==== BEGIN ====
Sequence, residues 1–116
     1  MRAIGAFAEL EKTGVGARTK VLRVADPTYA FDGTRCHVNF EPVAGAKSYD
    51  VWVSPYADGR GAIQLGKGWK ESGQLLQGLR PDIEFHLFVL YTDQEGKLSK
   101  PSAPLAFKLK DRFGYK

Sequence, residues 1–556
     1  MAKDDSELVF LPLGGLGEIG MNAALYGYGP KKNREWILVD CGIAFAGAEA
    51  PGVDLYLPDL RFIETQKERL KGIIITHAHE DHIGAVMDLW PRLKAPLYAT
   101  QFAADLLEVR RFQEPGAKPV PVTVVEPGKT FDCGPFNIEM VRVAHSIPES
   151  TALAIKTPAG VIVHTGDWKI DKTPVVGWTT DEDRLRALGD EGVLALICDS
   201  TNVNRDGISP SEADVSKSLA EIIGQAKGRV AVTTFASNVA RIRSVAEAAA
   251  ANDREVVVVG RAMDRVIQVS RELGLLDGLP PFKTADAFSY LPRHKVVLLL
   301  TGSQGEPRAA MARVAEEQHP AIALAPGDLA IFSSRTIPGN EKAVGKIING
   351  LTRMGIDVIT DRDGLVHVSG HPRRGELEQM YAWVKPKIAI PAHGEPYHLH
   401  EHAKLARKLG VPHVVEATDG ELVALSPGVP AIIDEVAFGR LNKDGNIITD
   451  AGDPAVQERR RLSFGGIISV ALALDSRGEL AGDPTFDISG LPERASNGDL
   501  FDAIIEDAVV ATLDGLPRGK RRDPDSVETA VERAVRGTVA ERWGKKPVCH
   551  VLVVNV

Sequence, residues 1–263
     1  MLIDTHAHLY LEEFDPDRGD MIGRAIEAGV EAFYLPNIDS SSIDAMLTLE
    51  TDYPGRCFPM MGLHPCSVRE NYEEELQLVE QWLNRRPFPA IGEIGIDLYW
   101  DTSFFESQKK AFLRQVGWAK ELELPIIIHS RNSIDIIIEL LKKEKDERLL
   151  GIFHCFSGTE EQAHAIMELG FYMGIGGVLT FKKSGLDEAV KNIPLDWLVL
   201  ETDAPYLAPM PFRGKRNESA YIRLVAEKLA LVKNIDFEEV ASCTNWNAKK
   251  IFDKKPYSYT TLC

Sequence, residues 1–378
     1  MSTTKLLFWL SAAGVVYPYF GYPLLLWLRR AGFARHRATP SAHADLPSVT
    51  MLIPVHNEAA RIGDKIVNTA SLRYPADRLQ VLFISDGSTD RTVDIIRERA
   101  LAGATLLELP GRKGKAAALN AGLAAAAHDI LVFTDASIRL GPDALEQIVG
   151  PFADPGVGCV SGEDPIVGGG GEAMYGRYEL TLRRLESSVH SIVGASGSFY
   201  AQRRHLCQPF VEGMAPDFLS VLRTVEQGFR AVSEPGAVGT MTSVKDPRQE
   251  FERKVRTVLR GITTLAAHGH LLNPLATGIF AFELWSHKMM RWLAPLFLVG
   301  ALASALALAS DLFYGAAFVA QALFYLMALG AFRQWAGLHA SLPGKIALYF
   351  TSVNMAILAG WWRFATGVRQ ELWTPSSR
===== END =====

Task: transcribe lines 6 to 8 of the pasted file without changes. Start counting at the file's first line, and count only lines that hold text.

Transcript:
     1  MAKDDSELVF LPLGGLGEIG MNAALYGYGP KKNREWILVD CGIAFAGAEA
    51  PGVDLYLPDL RFIETQKERL KGIIITHAHE DHIGAVMDLW PRLKAPLYAT
   101  QFAADLLEVR RFQEPGAKPV PVTVVEPGKT FDCGPFNIEM VRVAHSIPES